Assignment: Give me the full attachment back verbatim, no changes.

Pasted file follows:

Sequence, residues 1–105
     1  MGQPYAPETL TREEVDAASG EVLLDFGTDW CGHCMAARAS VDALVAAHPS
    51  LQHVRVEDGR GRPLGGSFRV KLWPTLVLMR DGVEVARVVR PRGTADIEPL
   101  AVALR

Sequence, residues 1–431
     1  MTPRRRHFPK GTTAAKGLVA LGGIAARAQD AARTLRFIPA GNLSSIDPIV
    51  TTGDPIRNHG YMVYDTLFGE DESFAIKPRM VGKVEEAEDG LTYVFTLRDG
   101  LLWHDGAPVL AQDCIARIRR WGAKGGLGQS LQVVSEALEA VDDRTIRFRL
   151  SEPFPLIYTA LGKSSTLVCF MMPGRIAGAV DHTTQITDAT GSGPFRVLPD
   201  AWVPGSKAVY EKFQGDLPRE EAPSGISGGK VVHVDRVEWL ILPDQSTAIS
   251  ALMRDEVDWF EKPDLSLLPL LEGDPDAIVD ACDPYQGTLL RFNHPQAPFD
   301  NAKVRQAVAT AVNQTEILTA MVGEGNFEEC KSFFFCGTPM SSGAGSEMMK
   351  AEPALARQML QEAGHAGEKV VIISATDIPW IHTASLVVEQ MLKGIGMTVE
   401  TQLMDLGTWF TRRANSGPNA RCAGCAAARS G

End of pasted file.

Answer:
Sequence, residues 1–105
     1  MGQPYAPETL TREEVDAASG EVLLDFGTDW CGHCMAARAS VDALVAAHPS
    51  LQHVRVEDGR GRPLGGSFRV KLWPTLVLMR DGVEVARVVR PRGTADIEPL
   101  AVALR

Sequence, residues 1–431
     1  MTPRRRHFPK GTTAAKGLVA LGGIAARAQD AARTLRFIPA GNLSSIDPIV
    51  TTGDPIRNHG YMVYDTLFGE DESFAIKPRM VGKVEEAEDG LTYVFTLRDG
   101  LLWHDGAPVL AQDCIARIRR WGAKGGLGQS LQVVSEALEA VDDRTIRFRL
   151  SEPFPLIYTA LGKSSTLVCF MMPGRIAGAV DHTTQITDAT GSGPFRVLPD
   201  AWVPGSKAVY EKFQGDLPRE EAPSGISGGK VVHVDRVEWL ILPDQSTAIS
   251  ALMRDEVDWF EKPDLSLLPL LEGDPDAIVD ACDPYQGTLL RFNHPQAPFD
   301  NAKVRQAVAT AVNQTEILTA MVGEGNFEEC KSFFFCGTPM SSGAGSEMMK
   351  AEPALARQML QEAGHAGEKV VIISATDIPW IHTASLVVEQ MLKGIGMTVE
   401  TQLMDLGTWF TRRANSGPNA RCAGCAAARS G